Some highlights for me. Michael Levine was so so amazing. It was a wonderland–the loft is where you get the fabric by the pound (for $2.50!), and that was like deep sea diving for treasure. I got hot and sweaty, and loved every minute of it. Here’s Melissa demonstrating our playful mood there, I got to give a huge thanks to this girl, she really is the one who made it all happen for us, she’s amazing.  Back to Michael Levine, the main store is so vast, and so varied, and just so so great, I could have spent hours and hours there.

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And then there was Mood. Holy Fruitcake. I was sort of like a deer in headlights there, I didn’t even know where to start, and was just in shock and all the beautiful silks, cottons and knits. It was even more amazing than I had imagined, and even though it was much more expensive it was so fun to splurge on a few favorites.

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My other favorite LA fabric district shop was Angel Textiles. It was like this diamond in the rough, and I was so impressed with what they had for how CHEAP they had it. I got some of my favorite finds there.

And Golden Cutting and Sewing Supplies, this store was awesome. I got stuff like a roll of elastic, quality zippers for like 50 cents, and serger thread for cheap cheap cheap. I know I know, you gotta beware of cheap serger thread, but it looked pretty decent to me, and I needed more white thread!

I also loved our tour of FIDM (I loved looking at their –crystal ball 2014 fashion books!!), and got a few treasures at their scholarship store.

And last but not least, I had SO MUCH fun shopping, eating, and talking with these ladies.  I especially enjoyed our GNO dinner on Saturday night, it was so fun and so delicious!fabric-weekend-girlies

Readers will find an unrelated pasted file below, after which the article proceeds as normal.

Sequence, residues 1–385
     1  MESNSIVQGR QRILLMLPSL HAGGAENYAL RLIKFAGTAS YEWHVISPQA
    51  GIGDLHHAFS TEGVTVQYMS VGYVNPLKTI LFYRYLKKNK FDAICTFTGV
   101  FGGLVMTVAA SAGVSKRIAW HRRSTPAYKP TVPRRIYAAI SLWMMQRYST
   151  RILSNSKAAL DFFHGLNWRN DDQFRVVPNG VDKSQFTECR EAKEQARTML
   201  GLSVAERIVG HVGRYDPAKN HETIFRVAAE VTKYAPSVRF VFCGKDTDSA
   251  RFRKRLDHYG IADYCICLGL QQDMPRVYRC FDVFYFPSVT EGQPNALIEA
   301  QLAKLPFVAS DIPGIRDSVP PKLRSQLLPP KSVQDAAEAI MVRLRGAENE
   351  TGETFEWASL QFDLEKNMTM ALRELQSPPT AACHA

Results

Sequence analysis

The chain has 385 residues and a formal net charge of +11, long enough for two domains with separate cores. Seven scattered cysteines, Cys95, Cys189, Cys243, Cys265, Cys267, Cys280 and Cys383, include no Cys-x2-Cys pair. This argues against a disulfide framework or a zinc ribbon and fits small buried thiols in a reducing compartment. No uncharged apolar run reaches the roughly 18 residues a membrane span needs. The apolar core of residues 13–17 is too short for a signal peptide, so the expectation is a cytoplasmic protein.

It was so fantastic, and now I get to share a little of it with you! I am WAY LATE posting this giveaway, but you have until TOMORROW to enter, and enter you should, this is such a stellar giveaway!!

FABRIC WEEKEND GIVEAWAY!

One Grand Prize Winner will receive:

  • Brother 1034D serger!! (I’ve heard amazing things about this model, donated by GoToPatterns.com)

Four Lucky Winners will receive:

sponsorsFW

Contest Rules:

Giveaway open internationally to contestants 18 years or older. Contestants must enter their email address to be added to the LowPriceFabric.com and GoToPatterns.com email newsletters to win. All prizes are awarded in the form of gift certificates. Winners responsible for paying shipping. Gift certificate value of serger is $210. Contest open from June 11, 2013 through June 20, 2013 EST. Winners will be notified within 24 hours of winning. Winners have 48 hours to claim their reward. New winners will be chosen if prizes are unclaimed. Winners will be emailed their rewards within 7 days of claiming their prize. ONE ENTRY per person. This contest is being held on multiple blogs. Please enter only once. You will be counted only once.

*giveaway closed*

Winner of the Grand Prize, Brother Serger: Shannon R

Winners of the $50 Gift Certificate to LowPriceFabrics.com, GoToPatterns.com and a Craftsy class are:

Nicole B
Maria levin
Linda

Congrats!

Fabric Weekend 2013 // Fly-Away Tee + Patch Knee Print Leggings